Tuesday, December 20, 2005

Waving the bloody shirt
Anyone who has paid any attention to the way this administration defends itself when in trouble could have predicted what their line of defense would be for their illegal wiretapping: we did it to save American lives.
President Bush defended using government wiretaps without court authorization to monitor terrorism suspects and urged the Senate to renew the USA Patriot Act during his year-end news conference Monday.

The president said he intends to continue using secret international wiretaps to monitor activities of people in the United States suspected of having connections to al Qaeda.

"To save American lives we must be able to act fast and to detect these conversations so we can prevent new attacks."

His supporters have already picked up the message, converted it into talking points, and begun spreading the message through talk radio, cable television talking head show, and newspaper columns.

There are actually several parts to the message. The most obvious, I've already mentioned: we did it to save American lives. In this, Bush is claiming noble and pure motivations. By declaring his intention to continue, he's striking a pose of heroic defiance: I'll climb any mountain, swim any sea, break any law, and shred any constitutional principle necessary to save American lives. By emphasizing the speed non-issue, he sets up a straw-man opponent to bash and to distract from his own culpability. The bureaucracy is the enemy of security. Nitpickers who insist on due process, legality, and constitutionality are the enemy of security. The rest of the government is the enemy of security. Only George Bush and those directly under his control can act quickly and effectively enough to save American lives.

Notice, too, that he's saving "American lives." This personalizes it. He's not saving abstract other lives; he's not saving ungrateful and undeserving foreign lives; he's saving our lives--me, you, and our loved ones. This is the vital point to understanding his propaganda. He's whipping up a sense of fear that he wants to use as a justification for law-breaking.

For decades after the Civil War, Republican politicians continued to win elections by using a tactic called "waving the bloody shirt." This refers to the cheap rhetorical emotionalism of bringing up the sacrifices of the war dead and claiming it would all have been in vain if traitorous democrats were allowed to win an election or advance a policy.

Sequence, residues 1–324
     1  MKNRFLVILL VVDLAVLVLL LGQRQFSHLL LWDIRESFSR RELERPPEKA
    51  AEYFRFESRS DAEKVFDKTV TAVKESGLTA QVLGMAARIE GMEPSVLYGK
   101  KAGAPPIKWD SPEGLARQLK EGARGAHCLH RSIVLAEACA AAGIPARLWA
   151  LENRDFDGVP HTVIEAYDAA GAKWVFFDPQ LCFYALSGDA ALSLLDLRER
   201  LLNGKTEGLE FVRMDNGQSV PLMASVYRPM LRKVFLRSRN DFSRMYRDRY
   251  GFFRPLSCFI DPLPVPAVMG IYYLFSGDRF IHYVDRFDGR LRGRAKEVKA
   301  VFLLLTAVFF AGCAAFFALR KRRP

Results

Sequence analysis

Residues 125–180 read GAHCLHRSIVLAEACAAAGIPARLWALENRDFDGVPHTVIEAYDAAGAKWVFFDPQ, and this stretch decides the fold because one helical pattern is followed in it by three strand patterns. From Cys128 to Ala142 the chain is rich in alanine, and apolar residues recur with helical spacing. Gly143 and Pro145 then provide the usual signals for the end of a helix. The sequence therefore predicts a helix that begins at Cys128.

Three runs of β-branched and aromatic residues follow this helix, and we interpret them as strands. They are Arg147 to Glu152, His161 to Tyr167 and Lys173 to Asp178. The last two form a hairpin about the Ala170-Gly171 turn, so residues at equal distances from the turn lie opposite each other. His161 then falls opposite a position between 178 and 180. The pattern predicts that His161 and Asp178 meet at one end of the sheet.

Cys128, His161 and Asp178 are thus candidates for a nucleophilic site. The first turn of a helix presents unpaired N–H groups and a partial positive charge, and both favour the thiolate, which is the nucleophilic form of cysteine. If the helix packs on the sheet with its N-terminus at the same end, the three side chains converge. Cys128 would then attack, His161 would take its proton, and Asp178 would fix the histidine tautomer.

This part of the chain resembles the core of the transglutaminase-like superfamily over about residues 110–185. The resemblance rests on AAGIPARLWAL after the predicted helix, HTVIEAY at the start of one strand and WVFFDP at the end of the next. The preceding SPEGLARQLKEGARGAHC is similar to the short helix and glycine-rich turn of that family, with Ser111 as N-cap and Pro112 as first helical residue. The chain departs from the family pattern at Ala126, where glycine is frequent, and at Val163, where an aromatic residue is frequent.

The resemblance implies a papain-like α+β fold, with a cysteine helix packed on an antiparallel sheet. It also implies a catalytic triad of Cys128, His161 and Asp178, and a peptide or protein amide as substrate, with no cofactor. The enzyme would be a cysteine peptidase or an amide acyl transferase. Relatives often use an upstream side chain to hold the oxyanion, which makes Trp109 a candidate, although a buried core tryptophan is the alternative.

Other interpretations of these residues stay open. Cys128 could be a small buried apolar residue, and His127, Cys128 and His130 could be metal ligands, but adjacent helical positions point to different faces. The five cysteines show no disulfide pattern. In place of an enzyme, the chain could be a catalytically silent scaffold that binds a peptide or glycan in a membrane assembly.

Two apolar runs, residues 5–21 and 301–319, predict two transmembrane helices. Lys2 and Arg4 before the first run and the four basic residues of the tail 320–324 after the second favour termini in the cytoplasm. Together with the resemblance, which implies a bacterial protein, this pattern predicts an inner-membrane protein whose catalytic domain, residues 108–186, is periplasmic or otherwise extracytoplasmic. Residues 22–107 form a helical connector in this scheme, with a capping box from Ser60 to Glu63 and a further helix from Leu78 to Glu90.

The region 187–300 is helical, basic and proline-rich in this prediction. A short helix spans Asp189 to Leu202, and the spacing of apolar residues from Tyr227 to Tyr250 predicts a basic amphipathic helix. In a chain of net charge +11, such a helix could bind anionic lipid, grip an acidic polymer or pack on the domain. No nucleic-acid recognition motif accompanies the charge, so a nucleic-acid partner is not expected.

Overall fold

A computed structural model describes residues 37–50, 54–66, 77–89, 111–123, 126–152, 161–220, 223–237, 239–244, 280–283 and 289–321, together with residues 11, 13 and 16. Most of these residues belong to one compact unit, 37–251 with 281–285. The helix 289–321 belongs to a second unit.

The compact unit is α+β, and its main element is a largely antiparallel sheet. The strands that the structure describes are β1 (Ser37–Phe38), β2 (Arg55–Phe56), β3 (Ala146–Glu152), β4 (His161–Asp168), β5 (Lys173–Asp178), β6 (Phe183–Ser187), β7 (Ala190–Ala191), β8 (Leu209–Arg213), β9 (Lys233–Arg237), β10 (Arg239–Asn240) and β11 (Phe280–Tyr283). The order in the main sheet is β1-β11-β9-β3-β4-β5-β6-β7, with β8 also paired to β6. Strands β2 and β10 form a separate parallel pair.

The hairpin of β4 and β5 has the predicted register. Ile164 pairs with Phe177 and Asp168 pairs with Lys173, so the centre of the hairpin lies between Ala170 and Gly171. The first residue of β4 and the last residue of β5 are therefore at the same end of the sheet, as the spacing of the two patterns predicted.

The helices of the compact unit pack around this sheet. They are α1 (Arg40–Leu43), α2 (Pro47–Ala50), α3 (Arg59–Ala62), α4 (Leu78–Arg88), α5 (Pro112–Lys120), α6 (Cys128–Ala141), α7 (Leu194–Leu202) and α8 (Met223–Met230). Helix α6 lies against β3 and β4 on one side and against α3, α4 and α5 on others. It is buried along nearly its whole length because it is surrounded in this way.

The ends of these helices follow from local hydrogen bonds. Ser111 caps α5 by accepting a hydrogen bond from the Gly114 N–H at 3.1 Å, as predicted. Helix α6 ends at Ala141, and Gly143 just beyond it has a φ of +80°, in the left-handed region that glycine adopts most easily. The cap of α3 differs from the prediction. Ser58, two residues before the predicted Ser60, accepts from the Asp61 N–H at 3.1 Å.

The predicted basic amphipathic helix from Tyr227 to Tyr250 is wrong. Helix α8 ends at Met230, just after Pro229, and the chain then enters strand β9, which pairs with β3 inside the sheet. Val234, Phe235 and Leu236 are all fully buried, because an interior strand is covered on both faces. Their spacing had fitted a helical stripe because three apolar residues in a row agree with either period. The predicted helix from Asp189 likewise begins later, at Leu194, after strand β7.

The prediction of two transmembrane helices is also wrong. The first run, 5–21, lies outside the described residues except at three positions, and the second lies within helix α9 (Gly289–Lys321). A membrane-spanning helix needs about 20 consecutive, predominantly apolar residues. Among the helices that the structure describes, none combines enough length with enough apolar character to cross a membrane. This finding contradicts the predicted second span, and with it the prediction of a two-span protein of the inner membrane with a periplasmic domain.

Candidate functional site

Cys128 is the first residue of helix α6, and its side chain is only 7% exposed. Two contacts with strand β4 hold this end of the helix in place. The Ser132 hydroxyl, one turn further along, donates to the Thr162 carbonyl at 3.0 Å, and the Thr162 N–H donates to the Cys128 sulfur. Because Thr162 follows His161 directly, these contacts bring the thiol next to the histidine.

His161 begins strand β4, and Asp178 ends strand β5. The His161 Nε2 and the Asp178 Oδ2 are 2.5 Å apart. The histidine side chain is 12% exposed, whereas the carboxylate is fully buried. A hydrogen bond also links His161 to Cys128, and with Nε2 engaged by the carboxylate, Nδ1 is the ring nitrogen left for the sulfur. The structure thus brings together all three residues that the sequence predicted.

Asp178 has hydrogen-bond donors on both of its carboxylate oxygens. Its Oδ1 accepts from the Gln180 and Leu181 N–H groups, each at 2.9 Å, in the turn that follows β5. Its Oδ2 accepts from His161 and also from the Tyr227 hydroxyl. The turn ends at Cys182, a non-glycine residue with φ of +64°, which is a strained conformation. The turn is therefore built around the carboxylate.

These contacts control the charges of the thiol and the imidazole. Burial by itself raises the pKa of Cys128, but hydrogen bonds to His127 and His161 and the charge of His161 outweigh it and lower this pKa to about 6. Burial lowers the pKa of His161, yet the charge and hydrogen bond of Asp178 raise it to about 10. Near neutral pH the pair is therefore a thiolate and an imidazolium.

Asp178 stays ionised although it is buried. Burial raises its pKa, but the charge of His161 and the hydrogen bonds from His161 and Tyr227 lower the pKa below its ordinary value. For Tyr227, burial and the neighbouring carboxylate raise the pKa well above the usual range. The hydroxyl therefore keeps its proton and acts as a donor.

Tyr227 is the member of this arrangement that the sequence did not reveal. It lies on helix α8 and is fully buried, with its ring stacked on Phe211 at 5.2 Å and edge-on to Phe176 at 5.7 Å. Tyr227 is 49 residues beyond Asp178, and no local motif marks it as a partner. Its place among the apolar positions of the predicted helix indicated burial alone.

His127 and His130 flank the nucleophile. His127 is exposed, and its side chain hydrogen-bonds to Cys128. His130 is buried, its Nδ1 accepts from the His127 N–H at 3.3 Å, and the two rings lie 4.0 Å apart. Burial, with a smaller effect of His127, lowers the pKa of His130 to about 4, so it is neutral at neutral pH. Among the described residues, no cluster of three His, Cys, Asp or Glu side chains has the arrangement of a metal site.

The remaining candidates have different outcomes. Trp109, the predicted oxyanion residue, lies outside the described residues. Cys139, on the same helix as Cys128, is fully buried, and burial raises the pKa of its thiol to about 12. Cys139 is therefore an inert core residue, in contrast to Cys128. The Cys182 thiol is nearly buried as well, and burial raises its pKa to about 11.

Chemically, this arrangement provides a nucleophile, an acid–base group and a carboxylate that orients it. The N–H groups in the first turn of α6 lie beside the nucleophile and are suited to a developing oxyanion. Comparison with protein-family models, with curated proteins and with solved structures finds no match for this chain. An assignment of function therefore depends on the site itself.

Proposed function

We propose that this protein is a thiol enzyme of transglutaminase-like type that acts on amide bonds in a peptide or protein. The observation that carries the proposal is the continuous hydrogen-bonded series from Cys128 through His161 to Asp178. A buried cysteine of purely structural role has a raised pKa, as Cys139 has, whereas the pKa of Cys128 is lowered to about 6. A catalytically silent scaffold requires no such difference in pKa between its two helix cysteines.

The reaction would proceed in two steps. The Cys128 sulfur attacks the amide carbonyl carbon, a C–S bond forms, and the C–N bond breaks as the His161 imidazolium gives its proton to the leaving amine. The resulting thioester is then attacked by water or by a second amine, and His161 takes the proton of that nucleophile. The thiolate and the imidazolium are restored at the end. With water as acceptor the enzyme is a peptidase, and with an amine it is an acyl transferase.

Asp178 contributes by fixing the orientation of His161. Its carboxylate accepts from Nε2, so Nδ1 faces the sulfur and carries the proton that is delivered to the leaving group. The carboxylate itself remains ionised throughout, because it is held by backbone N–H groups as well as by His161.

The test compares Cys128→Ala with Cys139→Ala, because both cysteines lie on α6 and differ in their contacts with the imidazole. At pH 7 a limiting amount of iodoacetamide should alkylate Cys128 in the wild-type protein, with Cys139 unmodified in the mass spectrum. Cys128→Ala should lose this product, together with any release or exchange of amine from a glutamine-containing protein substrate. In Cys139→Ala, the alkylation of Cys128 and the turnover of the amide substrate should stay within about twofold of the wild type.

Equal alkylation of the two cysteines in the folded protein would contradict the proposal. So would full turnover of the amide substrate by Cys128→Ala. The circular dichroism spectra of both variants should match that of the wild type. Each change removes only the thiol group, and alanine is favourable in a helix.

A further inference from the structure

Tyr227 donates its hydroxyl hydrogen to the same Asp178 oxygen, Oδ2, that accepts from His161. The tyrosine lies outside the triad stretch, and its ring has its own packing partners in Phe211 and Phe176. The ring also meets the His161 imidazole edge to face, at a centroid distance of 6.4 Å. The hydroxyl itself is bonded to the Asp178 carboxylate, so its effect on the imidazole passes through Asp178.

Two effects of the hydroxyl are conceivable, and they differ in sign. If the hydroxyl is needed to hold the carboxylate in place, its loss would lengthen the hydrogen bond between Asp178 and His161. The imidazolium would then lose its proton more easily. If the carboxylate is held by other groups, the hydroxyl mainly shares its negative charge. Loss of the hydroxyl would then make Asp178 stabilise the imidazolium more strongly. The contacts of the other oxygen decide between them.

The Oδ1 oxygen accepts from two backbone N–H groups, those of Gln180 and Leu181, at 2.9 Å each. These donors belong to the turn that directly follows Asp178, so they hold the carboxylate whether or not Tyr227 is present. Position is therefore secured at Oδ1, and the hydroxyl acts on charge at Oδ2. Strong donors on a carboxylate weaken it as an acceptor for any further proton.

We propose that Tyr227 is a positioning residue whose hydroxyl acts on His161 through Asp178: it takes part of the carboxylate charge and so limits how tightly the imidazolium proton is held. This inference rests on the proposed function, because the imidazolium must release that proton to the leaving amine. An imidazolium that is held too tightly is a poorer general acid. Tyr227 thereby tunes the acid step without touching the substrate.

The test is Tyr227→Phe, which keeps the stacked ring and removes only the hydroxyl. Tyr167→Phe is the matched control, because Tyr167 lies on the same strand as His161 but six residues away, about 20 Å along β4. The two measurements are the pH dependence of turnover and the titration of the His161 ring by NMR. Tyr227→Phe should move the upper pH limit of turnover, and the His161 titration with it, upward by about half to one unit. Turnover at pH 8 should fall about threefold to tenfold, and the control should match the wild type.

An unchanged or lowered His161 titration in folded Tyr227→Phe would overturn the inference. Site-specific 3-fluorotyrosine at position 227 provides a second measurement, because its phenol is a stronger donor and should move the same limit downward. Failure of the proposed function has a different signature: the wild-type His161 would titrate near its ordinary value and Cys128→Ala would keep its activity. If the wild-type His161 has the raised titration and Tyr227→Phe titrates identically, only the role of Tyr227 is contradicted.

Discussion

For the Bush administration, the bloody shirt is 9/11 and fear. They tell us we are in imminent danger and will ALL DIE unless we let them do whatever they want. In case we don't know what our reaction to this fear-mongering should be, we have former cheer-leader Trent Lott to tell us our lines:
I want my security first. I'll deal with all the details after that.

As early as 1759, Ben Franklin had the only possible response to Lott's craven cowardice:
They that can give up essential liberty to obtain a little safety deserve neither liberty nor safety.

Some on the left, and on the libertarian right, see this as the final straw for Bush. They find such criminal disregard for basic constitutional principles unforgivable and don't think the public will stand for it. I'm not that confident. We've yet to see whether the effectiveness of the bloody shirt has run its course. Yes, the administration has dropped its silly color-coded panic chart, and, yes, they play the fear card far less often now, but that doesn't mean one last gotcha wouldn't work. At the very least, I expect to hear about a horrible disaster that was barely averted thanks to illegal wiretaps.

More importantly, I'm not convinced that most people understand the seriousness of this. The power of warrants and restrictions on eavesdropping were both undermined with the original Patriot Act. Barely a week before this revelation, domestic surveillance by the military was received by the public with a yawn. Over the last four years, most people have come to assume that the government is snooping with little or no limitations. As is almost always the case with rights issues, most people don't see any personal relevance in it all. "The government is only harassing bad guys. I'm not a bad guy. Therefore, I have nothing to worry about."

This lack of a sense of relevance combined with Lott-style cowardice is a powerful combination and a tough one to overcome. Five years of Bush has my native pessimism running at full blast. Maybe I'm wrong this time. I hope so.

UPDATE: Sen. John Cornyn picks up Trent Lott's cowardly talking point: "None of your civil liberties matter much after you're dead."

Russ Feingold elaborates on Ben Franklin's principle by bringing up Patrick Henry "Give me liberty or give me death."

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